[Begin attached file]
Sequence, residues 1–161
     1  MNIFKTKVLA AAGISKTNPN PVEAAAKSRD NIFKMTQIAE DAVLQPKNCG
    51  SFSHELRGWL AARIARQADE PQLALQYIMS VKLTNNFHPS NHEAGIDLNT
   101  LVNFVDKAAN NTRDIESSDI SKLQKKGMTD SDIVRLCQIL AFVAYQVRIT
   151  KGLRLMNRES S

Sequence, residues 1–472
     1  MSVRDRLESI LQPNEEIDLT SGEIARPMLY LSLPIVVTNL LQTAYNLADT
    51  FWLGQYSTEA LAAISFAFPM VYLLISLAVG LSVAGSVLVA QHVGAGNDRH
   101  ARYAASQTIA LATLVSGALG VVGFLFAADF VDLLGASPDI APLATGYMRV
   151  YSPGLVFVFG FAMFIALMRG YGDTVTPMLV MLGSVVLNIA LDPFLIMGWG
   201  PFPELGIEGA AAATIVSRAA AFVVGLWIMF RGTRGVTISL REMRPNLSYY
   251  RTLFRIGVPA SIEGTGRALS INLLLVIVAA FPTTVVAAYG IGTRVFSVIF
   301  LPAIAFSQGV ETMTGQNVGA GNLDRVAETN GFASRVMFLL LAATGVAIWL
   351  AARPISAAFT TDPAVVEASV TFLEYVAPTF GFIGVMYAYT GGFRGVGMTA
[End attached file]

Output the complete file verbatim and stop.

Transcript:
Sequence, residues 1–161
     1  MNIFKTKVLA AAGISKTNPN PVEAAAKSRD NIFKMTQIAE DAVLQPKNCG
    51  SFSHELRGWL AARIARQADE PQLALQYIMS VKLTNNFHPS NHEAGIDLNT
   101  LVNFVDKAAN NTRDIESSDI SKLQKKGMTD SDIVRLCQIL AFVAYQVRIT
   151  KGLRLMNRES S

Sequence, residues 1–472
     1  MSVRDRLESI LQPNEEIDLT SGEIARPMLY LSLPIVVTNL LQTAYNLADT
    51  FWLGQYSTEA LAAISFAFPM VYLLISLAVG LSVAGSVLVA QHVGAGNDRH
   101  ARYAASQTIA LATLVSGALG VVGFLFAADF VDLLGASPDI APLATGYMRV
   151  YSPGLVFVFG FAMFIALMRG YGDTVTPMLV MLGSVVLNIA LDPFLIMGWG
   201  PFPELGIEGA AAATIVSRAA AFVVGLWIMF RGTRGVTISL REMRPNLSYY
   251  RTLFRIGVPA SIEGTGRALS INLLLVIVAA FPTTVVAAYG IGTRVFSVIF
   301  LPAIAFSQGV ETMTGQNVGA GNLDRVAETN GFASRVMFLL LAATGVAIWL
   351  AARPISAAFT TDPAVVEASV TFLEYVAPTF GFIGVMYAYT GGFRGVGMTA